The BBC have started to show a series hosted by Sebastian Faulks on Saturday nights called Faulks on Fiction. This comprises various talking heads holding forth on fictional characters, interspersed with lots and lots of clips from television adaptions of said books. It sounds as dry as dust, but it’s absolutely brilliant, helped by a webpage at the Beeb with a reading list to die for.
Part 1 -which is on the iPlayer for another 19 days- featured heroes, starting with Robinson Crusoe, moving swiftly through Tom Jones (no, not the singer!) and Becky Sharp from Vanity Fair.
Part 2, which brings me to the subject in my usual meandering way, is all about lovers, and asks the question, how much does fiction influence the way we perceive love? Think about it — how many stories feature what happens after the hero and heroine get togther?
You may argue that this is because what happens after boy/girl get boy/girl inherently boring, but maybe that’s the case because Shakespeare et al have so culturally hardwired us that most of us can’t imagine an alternative (most of us being the portion of society that turns books or films into bestsellers — in other words the audience) .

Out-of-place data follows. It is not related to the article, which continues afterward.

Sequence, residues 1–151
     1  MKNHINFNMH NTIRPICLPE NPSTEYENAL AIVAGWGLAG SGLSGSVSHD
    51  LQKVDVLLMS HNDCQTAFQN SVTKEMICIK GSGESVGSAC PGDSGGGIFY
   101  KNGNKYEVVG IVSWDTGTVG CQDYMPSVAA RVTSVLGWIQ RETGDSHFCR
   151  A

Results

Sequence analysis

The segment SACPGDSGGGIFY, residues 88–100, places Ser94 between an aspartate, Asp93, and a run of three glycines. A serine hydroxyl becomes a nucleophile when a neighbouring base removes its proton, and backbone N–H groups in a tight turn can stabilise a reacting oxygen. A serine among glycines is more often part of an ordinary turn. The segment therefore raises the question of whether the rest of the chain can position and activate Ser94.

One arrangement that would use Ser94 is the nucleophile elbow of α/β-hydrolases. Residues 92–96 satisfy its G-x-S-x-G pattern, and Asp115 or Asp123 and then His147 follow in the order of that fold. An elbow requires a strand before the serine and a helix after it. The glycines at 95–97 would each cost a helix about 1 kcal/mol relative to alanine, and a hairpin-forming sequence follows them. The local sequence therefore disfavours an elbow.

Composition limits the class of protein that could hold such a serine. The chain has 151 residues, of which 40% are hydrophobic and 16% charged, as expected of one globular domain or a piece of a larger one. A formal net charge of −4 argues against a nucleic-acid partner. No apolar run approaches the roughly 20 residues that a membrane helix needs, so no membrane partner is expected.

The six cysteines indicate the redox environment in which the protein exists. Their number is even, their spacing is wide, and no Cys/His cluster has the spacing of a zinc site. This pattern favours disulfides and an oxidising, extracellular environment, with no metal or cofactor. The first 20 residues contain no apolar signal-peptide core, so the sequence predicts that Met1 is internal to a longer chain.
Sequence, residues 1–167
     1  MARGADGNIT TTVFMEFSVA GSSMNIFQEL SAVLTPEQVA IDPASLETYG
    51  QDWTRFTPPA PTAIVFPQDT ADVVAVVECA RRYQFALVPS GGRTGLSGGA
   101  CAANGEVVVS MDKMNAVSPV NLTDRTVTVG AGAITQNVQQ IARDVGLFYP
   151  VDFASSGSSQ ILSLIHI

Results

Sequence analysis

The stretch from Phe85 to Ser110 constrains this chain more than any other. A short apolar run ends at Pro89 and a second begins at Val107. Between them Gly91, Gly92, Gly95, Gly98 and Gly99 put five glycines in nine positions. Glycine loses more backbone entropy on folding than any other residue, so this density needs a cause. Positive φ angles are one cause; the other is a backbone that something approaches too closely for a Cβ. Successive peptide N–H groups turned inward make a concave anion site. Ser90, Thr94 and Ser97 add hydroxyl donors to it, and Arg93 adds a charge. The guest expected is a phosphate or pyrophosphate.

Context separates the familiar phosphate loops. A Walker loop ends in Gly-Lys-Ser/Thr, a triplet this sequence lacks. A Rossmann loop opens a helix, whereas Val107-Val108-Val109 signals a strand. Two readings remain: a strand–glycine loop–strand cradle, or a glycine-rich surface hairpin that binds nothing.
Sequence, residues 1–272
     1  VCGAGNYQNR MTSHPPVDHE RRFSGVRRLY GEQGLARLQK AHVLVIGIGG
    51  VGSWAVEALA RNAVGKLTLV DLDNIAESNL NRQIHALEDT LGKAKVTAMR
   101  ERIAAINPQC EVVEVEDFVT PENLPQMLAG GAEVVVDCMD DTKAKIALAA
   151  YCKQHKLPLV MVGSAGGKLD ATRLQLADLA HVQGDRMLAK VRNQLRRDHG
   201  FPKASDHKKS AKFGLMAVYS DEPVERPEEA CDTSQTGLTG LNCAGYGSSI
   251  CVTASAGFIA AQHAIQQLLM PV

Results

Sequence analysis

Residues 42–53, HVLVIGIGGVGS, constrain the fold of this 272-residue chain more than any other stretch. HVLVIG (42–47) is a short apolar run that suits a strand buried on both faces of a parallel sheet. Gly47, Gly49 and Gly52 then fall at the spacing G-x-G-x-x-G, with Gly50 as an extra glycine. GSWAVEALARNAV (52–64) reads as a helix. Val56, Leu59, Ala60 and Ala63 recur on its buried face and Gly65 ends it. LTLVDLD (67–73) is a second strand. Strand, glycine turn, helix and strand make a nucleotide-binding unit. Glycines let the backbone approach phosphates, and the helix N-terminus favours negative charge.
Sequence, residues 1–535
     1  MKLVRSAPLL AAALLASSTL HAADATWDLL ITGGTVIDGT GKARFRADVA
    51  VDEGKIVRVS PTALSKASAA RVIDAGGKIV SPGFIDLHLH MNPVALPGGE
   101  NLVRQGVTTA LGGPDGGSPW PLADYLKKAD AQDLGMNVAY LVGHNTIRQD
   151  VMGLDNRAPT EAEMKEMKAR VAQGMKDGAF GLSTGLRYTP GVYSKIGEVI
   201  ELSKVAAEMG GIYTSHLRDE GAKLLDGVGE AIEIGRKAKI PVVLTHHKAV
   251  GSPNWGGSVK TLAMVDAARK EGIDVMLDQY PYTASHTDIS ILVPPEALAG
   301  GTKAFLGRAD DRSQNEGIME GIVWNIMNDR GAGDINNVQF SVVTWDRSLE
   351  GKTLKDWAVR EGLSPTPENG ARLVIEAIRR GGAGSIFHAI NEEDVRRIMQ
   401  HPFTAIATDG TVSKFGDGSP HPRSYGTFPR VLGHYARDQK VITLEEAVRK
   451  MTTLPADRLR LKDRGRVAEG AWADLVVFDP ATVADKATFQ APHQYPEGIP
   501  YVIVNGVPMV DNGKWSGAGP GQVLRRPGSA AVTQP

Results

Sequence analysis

It’s quite ironic that I’ve heard so many singletons lately bitterly resenting the cards that those in relationships are supposedly exchanging, blithely ignoring the fact that people in relationships don’t need to anonymously send each other cards. In fact, after over a quarter of a century Kate and I have adapted Valentine’s Day to an extent that the card-manufacturer’s target audience would have trouble recognizing it!
I bought Kate a card, but not of the traditional Valentine’s variety, while she bought me Brian Moore’s autobiography Beware of the Dog. (Far more mentally nourishing and enjoyable)
How did you celebrate the day -if you did- while simultaneously subverting it?
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